The Greeks made their greatest impact in Egypt via their role in the banking and cotton sectors. The first group of Greeks brought to Alexandria by Muhammad Ali in the early 1800s were merchants, shipbuilders, and sailors whose activities helped increase commerce and building of the merchant marine in Egypt. The Greek community in Alexandria was unaffected by Egypt's involvement on the side of the Ottomans during the Greek War of Independence (1821–1830), and the number of Greeks in Egypt gradually increased in the following decades, as did their economic strength. The boom in Egyptian cotton production and export in the 1860s, which catapulted the Egyptian economy to new levels and integrated it into the world economy, also further increased the role and economic power of the Greek merchants and financiers, who remained central to the financing, production, and exporting of cotton in Egypt until the eve of World War II. In the 1920s, Greek exporting houses were responsible for 25 percent of all Egyptian cotton exports. The largest of the Greek exporting companies of that period was Choremi, Benachi & Co.; in the banking sector, Greeks such as the Salvago family were well known and influential.
The Greeks in Egypt remained closely identified with issues of Greek nationalism and with Greek party politics. The early settlers had supported the Greek War of Independence and subsequent efforts to incorporate Greek-populated areas within the Greek state. With time, increasing numbers of Greeks returned to Greece to fight as volunteers in the Greek army, especially during the 1912–1913 Balkan War. The wealthiest financed the building of schools or philanthropical institutions in their hometowns or villages, and others made contributions that went toward developing the Greek state. For example, the donations of George Averoff helped complete the marble stadium in Athens where the first Olympic games were held in 1896 and made it possible to purchase the battleship Averoff, which proved a factor in Greece's victories in the Balkan War.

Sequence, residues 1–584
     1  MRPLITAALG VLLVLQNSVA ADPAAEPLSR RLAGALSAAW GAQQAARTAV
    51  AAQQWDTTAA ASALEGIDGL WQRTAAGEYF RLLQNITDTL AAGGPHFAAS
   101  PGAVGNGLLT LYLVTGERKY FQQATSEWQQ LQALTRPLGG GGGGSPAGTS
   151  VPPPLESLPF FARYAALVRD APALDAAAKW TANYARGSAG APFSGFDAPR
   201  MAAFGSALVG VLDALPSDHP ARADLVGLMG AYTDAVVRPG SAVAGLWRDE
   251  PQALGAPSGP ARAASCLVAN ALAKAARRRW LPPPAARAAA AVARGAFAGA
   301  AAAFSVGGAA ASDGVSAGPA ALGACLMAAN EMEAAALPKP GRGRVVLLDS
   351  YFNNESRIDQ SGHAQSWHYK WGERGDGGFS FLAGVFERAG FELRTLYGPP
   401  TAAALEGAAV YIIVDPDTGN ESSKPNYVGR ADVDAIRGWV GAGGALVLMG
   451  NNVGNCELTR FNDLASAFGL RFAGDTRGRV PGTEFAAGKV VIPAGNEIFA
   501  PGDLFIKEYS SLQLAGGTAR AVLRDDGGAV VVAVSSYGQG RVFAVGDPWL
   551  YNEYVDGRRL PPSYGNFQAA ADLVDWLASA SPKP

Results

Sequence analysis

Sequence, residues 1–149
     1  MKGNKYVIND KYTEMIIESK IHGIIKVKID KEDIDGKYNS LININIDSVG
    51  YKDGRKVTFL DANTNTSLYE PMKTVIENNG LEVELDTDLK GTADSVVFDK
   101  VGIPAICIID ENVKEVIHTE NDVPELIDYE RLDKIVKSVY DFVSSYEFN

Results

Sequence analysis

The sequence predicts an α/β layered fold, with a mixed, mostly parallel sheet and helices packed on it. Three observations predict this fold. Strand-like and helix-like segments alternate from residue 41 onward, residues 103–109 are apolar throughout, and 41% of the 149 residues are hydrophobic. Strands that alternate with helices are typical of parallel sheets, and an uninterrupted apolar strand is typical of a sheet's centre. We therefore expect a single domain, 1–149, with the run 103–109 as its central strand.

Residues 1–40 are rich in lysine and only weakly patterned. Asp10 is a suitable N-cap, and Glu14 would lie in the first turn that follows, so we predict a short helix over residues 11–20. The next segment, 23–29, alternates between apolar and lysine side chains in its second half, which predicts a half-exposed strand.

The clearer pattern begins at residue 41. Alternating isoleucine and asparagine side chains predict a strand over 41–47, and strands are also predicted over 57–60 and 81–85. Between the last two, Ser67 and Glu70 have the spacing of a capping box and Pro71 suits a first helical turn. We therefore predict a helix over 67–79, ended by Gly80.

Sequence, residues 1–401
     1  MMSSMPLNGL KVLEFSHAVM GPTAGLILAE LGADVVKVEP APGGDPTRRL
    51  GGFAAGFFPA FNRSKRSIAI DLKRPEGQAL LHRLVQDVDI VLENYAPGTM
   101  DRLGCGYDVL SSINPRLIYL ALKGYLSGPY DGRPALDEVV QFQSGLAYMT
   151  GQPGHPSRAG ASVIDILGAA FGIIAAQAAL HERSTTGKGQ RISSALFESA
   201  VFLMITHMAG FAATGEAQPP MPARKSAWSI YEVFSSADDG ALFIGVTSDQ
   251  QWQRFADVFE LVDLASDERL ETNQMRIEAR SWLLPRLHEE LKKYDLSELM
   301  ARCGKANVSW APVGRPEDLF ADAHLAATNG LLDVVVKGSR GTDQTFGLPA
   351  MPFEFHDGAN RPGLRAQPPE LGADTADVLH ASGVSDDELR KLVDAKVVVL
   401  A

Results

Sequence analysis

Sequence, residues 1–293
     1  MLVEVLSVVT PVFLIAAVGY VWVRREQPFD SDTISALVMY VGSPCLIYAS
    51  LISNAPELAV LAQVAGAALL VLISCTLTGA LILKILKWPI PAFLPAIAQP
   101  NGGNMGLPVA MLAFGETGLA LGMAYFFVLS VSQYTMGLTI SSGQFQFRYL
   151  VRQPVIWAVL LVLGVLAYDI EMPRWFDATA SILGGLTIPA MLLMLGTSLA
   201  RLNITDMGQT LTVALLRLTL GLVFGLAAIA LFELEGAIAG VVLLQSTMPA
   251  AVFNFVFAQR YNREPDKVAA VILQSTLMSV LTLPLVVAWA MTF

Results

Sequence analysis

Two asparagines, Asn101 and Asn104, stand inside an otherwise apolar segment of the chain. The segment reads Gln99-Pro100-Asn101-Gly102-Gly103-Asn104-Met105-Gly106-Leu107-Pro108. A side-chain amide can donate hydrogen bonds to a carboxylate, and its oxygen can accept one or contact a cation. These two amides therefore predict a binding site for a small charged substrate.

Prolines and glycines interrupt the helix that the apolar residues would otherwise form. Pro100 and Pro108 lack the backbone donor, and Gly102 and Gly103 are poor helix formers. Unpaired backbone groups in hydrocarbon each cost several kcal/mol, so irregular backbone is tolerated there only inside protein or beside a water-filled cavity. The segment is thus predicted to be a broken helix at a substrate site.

The Greeks in Egypt created a broad network of communal institutions: schools, hospitals, churches, orphanages, nursing homes, and a variety of leisure and athletic societies, most of them run by the city-based Greek community organizations, which were themselves administered by prominent Greeks in the community. A small and weak institution in the 1800s, the Greek Orthodox patriarchate of Alexandria gradually grew in stature and importance as the numbers of Greeks in Egypt increased.
See also balkan wars (1912–1913); capitulations; greek war of independence; levantine; mixed courts; muhammad ali; suez crisis (1956–1957).
Kitroeff, Alexander. The Greeks in Egypt, 1919–1937: Ethnicity and Class. St. Anthony's Middle East Monographs no. 20. London: Ithaca Press, 1989.
Politis, A. Hellenism and Modern Egypt. 2 vols. Alexandria, 1931. In Greek.
"Greeks in the Middle East." Encyclopedia of the Modern Middle East and North Africa. . Encyclopedia.com. (October 18, 2018). http://www.encyclopedia.com/humanities/encyclopedias-almanacs-transcripts-and-maps/greeks-middle-east
"Greeks in the Middle East." Encyclopedia of the Modern Middle East and North Africa. . Retrieved October 18, 2018 from Encyclopedia.com: http://www.encyclopedia.com/humanities/encyclopedias-almanacs-transcripts-and-maps/greeks-middle-east